|Goffman, Erving. “The Presentation of Self in Everyday Life.” In Social Theory Re-Wired, edited by Wesley Longhofer and Daniel Winchester, 452-463. New York: Routledge Taylor and Francis Group, 2012. (11)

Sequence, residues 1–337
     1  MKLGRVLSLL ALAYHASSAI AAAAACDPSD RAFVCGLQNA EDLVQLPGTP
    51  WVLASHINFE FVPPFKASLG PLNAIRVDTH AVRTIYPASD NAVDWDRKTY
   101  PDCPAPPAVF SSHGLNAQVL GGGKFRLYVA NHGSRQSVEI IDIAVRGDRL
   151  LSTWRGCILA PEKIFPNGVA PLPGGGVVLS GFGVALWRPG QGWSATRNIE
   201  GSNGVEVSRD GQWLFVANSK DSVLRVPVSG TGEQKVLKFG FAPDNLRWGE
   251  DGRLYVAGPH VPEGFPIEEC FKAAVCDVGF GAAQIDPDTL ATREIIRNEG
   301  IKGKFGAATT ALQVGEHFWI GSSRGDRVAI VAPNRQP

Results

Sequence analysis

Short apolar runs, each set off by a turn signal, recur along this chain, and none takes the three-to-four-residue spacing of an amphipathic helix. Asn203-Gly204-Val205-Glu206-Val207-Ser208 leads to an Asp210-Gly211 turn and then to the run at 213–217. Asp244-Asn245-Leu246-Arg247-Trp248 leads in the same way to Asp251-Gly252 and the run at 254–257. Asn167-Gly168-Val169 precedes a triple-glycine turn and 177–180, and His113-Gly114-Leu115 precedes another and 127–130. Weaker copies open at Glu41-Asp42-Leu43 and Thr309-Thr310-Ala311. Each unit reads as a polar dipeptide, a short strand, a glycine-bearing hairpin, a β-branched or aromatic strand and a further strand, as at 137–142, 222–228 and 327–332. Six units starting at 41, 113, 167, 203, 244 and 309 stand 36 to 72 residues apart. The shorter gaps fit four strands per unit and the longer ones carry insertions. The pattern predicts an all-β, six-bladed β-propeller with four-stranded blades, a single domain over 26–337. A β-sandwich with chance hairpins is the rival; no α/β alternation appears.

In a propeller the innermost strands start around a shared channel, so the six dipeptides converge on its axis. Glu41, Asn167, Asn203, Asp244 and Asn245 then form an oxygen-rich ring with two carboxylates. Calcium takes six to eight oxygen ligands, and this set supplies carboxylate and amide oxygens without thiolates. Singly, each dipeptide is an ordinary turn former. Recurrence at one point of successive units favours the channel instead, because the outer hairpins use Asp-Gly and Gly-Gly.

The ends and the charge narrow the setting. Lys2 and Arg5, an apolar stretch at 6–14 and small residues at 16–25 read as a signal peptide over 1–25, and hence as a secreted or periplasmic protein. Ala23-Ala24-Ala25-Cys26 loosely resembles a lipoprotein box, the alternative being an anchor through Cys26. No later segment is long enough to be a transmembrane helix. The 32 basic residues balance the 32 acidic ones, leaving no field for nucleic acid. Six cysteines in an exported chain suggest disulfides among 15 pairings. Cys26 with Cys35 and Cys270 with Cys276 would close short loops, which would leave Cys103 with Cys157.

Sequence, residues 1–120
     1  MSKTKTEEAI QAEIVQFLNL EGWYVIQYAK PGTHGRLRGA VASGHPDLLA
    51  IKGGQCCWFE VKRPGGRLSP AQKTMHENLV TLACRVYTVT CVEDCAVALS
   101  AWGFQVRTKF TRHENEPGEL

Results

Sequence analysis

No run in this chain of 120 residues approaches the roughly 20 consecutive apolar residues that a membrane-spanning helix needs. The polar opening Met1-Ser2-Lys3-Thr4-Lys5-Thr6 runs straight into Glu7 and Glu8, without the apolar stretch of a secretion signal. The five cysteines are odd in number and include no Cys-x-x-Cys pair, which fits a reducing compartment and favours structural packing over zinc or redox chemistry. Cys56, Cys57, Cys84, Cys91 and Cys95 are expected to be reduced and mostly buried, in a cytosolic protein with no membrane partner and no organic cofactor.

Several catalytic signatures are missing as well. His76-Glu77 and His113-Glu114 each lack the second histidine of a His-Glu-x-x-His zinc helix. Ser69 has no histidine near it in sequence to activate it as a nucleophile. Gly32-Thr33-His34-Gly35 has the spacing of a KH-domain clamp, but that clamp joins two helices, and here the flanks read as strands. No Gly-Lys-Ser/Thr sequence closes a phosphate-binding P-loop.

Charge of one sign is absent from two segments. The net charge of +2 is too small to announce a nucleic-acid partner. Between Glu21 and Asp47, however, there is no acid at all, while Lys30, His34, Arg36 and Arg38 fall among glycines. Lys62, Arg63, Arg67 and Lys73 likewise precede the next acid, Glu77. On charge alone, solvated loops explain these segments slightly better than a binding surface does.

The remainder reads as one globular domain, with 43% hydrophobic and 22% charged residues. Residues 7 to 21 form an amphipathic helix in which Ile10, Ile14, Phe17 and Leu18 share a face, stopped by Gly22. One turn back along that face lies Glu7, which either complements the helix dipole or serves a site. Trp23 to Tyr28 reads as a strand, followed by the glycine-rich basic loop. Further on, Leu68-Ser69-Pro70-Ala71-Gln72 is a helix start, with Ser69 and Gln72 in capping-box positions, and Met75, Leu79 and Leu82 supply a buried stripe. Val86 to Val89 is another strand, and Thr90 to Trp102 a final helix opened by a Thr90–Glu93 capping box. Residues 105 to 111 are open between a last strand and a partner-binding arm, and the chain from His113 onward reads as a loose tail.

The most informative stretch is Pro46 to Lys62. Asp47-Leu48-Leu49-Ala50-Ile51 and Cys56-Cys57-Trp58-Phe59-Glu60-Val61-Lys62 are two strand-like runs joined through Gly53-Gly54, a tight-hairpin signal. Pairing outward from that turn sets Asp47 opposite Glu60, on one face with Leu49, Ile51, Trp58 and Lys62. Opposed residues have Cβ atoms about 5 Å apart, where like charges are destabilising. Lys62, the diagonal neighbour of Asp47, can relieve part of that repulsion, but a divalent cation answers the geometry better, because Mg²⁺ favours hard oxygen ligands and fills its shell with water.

Goffman’s piece, “The Presentation of Self in Everyday Life,” exacts an equally as pessimistic point of view as “The Stranger”. The necessity to take a solid “belief in the part one is playing” in life is controversial and begs the question of destiny and objectivity in the everyday realm.73 This version of rather Shakespearean discourse is not lost on the modern day, as many theories interplay with the interpretation of the self as not much more than a pawn in a much bigger scheme, what Goffman’s argument does bring up, though, is the acceptance of this by the individual. Arguments such as his work with ideals of class in mind, many a time referencing the urgency the inferior might feel in convincing the superior of the acceptance of their role. As a citizen of the species humans tend to take on various roles, ones which they may or may not stick to strongly.
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